I CAME across an article the other day about a record level of knot landing on the Norfolk coast at the RSPB reserve at Snettisham. Around 140,000 of them have been seen, compared to the previous record set there in the winter of 1990-91 where 120,000 were spotted. The numbers caused quite a stir within the bird-watching community, and films of their sweeping murmurations are well worth a watch.

The reason the story caught my eye was because I had just been researching my column by reading my dad’s Countryman’s Diary from this week in 1980 where he talks about the knot.

The coincidence struck me because, being only familiar with more recognisable members of our avian population, I had no idea there was even a bird called a knot. And suddenly, here were two articles about it, written 40 years apart, and which I picked up on the same day. I think that is what we might call serendipity.

For those of you who don’t know, a knot is a chubby, short-legged wading bird about 25cm in length from the sandpiper family. A curious feature is that its plumage changes colour according to the season and at this time of year, it has grey upper plumage, and a white lower body, whereas in summer it has a more browny upper body, with a brick red chest. It undertakes one of the longest migrations of any animal, starting from its Arctic breeding grounds and heading south to the coasts of Europe, Africa and Australia, stopping to grace us with its presence en route.

As my dad mentions in his November 8 1980 column, there are two theories as to how it got its peculiar name, one of which is that it comes from its hoarse cry of “knut knut”. I’ve had a listen online and I’m not sure that’s how I’d describe it, though. The other suggestion is that this bird, in Latin known as calidris canutus, is named after the famous King Canute because it is always found at the very edge of the sea, just like in the story of the king and the tide.

King Canute (or Cnut) was a famous Viking warrior and ruled in England from AD1016 to AD1035. According to Henry of Huntingdon, who wrote “Historia Anglorum”, a 12th century account of England from its beginnings until 1154, King Canute wanted to demonstrate the danger of vanity to his sycophantic courtiers. So he set his throne by the sea and declared that he was going to order the tide to stay out so as not to get his robes and feet wet.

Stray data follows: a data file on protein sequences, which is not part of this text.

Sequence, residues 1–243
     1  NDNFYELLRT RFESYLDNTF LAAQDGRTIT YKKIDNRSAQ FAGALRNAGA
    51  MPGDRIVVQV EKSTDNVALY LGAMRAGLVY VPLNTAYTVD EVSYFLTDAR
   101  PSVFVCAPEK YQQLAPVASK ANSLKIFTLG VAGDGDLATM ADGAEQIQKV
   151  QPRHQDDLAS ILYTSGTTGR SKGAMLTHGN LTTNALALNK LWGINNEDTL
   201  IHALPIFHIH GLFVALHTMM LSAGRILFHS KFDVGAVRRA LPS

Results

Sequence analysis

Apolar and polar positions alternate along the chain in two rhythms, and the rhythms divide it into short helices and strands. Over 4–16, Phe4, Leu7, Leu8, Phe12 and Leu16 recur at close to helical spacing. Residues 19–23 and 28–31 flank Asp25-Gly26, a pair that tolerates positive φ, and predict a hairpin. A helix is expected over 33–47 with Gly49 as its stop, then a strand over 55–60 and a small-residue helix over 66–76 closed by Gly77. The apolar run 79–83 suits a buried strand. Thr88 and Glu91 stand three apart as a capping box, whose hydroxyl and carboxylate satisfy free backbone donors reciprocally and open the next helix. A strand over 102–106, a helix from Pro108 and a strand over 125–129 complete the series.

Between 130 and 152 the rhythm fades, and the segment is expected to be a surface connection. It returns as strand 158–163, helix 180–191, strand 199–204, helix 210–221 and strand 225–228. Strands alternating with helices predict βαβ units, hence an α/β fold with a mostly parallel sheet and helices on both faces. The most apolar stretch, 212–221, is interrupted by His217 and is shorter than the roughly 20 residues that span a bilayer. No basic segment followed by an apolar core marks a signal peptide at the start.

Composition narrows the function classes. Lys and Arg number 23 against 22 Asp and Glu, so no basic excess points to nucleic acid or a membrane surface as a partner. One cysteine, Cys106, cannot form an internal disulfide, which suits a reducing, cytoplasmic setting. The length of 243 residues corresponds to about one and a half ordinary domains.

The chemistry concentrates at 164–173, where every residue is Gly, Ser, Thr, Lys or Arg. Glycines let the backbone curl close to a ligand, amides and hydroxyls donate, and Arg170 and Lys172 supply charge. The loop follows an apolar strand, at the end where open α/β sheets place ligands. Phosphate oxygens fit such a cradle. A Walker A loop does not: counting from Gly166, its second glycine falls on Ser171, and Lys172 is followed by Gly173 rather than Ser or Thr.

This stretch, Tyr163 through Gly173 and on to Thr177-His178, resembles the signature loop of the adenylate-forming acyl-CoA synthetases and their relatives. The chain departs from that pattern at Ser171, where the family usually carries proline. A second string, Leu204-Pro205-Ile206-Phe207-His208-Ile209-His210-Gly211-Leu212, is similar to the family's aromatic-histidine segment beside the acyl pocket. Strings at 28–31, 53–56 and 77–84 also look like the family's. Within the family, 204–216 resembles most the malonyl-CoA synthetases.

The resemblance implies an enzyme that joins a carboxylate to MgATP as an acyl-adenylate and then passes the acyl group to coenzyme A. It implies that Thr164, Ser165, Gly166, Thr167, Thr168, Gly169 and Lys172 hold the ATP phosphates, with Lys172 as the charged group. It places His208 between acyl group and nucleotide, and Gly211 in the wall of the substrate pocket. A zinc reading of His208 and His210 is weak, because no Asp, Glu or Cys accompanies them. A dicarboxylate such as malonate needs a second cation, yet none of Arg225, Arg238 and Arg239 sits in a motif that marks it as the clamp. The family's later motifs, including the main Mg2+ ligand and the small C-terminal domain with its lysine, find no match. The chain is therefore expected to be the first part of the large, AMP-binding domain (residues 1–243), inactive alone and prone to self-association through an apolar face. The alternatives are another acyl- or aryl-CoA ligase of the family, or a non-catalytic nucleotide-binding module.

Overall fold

Obviously, the tide continued to come in, so the king leapt up and declared: “Let all the world know that the power of kings is empty and worthless and there is no king worthy of the name, save Him by whose will heaven and earth and sea obey eternal laws.” He then hung his crown on a crucifix, never to wear it again. The message was that there was no one more powerful than god, not even a king.

Henry of Huntington’s account, the first version of which was written less than 100 years after Canute’s death, was intended to demonstrate that as well as being a great warrior, the king was also intelligent and humble. He won the affection of his English subjects, and had a reputation for reconciling the warring English and Danes.

Today, however, when someone is described as behaving like King Canute, it is an insult. The insinuation is that they are behaving arrogantly in trying to stop something happening that is inevitable. The fact that Canute was supposedly doing the exact opposite has been lost in the mists of time.

The legend has cropped up in a few high-profile news stories in recent years, possibly the most famous occurring in 2011 when footballer Ryan Giggs was seeking injunctions against newspapers. Media lawyer Mark Stephens declared he was “trying to stop the unstoppable tide of information as it flows through the internet. He has become the King Canute of football”.

It’s a shame the original message contained in the tale, true or otherwise, has been lost, as it is the version of the story that I for one much prefer.

Read more at countrymansdaughter.com. Follow me on Twitter @countrymansdaug